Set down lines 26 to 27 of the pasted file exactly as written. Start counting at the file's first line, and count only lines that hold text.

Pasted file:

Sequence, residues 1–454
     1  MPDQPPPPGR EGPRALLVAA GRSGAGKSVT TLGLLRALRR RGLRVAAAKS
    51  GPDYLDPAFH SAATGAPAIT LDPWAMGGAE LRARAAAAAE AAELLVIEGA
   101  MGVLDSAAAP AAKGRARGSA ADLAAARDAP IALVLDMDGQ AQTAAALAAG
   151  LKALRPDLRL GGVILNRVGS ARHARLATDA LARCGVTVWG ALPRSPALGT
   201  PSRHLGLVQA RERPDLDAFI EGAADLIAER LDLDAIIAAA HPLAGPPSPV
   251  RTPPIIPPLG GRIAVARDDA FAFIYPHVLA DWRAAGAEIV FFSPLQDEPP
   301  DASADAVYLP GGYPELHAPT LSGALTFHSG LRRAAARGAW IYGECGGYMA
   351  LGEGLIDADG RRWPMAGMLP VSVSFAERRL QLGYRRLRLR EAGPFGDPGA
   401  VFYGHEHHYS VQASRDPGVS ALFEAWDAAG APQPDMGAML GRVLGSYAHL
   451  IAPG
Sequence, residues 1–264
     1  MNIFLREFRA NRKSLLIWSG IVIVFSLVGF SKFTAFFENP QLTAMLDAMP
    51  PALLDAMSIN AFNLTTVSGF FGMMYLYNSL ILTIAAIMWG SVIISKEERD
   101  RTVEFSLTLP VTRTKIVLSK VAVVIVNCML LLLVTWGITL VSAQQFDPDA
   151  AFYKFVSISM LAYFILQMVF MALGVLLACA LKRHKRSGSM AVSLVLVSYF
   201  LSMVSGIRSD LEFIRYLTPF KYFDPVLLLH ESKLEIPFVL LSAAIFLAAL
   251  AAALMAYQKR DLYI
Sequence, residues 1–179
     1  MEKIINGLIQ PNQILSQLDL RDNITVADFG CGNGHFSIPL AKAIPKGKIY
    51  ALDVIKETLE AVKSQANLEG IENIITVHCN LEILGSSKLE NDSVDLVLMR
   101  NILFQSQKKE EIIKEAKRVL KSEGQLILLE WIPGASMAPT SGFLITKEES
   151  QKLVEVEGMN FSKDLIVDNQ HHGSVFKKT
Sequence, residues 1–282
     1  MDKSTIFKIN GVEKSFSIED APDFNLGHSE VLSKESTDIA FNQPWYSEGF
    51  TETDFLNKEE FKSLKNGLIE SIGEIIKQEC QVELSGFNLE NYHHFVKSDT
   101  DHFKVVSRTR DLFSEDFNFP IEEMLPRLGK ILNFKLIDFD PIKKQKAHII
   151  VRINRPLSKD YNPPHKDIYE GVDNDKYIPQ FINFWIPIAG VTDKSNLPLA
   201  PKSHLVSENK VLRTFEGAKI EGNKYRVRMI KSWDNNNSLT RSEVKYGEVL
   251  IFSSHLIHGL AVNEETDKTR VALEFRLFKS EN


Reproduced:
    51  TETDFLNKEE FKSLKNGLIE SIGEIIKQEC QVELSGFNLE NYHHFVKSDT
   101  DHFKVVSRTR DLFSEDFNFP IEEMLPRLGK ILNFKLIDFD PIKKQKAHII